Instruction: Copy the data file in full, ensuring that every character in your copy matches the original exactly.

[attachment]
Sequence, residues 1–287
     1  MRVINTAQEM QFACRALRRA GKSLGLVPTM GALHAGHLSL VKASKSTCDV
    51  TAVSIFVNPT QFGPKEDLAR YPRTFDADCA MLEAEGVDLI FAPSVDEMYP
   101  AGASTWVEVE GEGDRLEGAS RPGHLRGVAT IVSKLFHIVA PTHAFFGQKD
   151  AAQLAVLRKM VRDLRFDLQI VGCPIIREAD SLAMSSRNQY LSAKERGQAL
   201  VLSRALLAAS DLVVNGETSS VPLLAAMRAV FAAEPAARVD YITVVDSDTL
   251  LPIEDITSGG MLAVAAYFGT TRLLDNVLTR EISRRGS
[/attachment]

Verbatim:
Sequence, residues 1–287
     1  MRVINTAQEM QFACRALRRA GKSLGLVPTM GALHAGHLSL VKASKSTCDV
    51  TAVSIFVNPT QFGPKEDLAR YPRTFDADCA MLEAEGVDLI FAPSVDEMYP
   101  AGASTWVEVE GEGDRLEGAS RPGHLRGVAT IVSKLFHIVA PTHAFFGQKD
   151  AAQLAVLRKM VRDLRFDLQI VGCPIIREAD SLAMSSRNQY LSAKERGQAL
   201  VLSRALLAAS DLVVNGETSS VPLLAAMRAV FAAEPAARVD YITVVDSDTL
   251  LPIEDITSGG MLAVAAYFGT TRLLDNVLTR EISRRGS